Anyway, today as I sat there looking at the primroses, in all their sizes and stages of development, I suddenly was back there on Mount Vision, with my nose a couple of inches away from the surface of the earth, looking at those microscopic plants.  

Mother told me this might happen.  

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News of the Day 28September2007


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A while ago, Carol over at May Dreams Gardens asked a question in one of her posts.  Specifically, she asked if there were other gardeners out there who had conceived of specific plant dislikes, plants they would NEVER plant in their gardens.

At that time, I responded rather decidedly that violets were something I would never plant on purpose.  In fact, I have some regrets about planting violets, as they are very invasive and when they invade an area they successfully kill most everything around them.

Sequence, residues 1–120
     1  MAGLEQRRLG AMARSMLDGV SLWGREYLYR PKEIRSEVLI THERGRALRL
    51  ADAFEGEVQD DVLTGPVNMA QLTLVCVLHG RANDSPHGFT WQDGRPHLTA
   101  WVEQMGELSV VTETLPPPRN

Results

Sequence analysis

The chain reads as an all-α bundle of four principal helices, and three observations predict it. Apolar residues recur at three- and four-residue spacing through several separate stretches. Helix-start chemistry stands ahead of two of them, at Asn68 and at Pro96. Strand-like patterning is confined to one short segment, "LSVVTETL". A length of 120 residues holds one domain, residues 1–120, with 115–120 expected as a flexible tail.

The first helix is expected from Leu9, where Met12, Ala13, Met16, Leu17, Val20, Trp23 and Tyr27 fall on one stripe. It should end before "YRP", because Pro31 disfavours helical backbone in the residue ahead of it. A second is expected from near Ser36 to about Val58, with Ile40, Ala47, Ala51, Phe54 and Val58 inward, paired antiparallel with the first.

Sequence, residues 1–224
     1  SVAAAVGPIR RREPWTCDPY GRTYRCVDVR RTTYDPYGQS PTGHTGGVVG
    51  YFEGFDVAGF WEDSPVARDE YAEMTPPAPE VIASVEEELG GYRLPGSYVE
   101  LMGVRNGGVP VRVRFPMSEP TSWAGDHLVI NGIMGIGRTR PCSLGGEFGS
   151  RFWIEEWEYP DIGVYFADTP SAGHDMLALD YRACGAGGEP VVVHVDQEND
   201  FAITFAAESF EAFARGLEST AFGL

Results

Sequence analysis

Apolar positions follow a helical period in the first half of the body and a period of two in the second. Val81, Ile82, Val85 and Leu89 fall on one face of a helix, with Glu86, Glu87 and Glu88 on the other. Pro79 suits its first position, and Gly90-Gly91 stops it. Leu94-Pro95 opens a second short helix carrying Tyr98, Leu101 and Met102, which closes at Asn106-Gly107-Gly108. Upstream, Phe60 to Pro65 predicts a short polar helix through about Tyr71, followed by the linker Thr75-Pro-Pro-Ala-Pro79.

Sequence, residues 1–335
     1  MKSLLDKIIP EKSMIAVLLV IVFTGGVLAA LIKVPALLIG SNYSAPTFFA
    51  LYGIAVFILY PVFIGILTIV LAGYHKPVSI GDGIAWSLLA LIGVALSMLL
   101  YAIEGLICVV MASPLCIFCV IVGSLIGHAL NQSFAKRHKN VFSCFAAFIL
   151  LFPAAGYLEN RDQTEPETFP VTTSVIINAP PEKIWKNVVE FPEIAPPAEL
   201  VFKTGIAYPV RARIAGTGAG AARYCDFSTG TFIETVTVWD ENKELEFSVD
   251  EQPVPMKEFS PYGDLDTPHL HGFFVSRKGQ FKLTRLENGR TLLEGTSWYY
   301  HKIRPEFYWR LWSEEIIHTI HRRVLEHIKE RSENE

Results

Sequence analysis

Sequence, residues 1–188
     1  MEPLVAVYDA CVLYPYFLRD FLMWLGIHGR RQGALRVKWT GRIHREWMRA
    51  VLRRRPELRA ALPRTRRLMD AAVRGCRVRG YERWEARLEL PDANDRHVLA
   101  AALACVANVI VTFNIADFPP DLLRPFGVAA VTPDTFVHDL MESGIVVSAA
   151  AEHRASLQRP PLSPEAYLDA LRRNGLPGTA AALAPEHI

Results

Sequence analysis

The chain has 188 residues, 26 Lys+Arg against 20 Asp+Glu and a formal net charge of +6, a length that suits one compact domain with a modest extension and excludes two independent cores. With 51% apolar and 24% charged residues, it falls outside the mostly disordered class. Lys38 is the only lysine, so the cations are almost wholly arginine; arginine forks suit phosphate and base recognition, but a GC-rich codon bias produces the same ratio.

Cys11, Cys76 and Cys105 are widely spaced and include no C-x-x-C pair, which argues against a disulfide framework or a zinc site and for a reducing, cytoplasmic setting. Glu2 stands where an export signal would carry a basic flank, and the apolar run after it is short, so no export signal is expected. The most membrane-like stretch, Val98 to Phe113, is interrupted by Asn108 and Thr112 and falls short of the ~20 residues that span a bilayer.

I have been engaged in a great eradication program the last couple of days, and it came to me as I was doing it that this is another plant that I would never plant in my garden again.  Specifically, it is the Showy Evening Primrose,  (Oenothera speciosa) , which opens any time, not just in the evening.   See the wash of pink around the irises in this bed?   Isn’t it lovely?


This is a direct quote from the comments section of the Audubon Society “Field Guide to North American Wildflowers (eastern ed.)”:

A hardy and drought resisitant species that can form colonies of considerable size.   The flowers may be as small as 1″ wide under drought conditions.   The plant is frequently grown in gardens and escapes from cultivation.   The flowers of some members of the genus open in the evening so rapidly that the movement can almost be observed.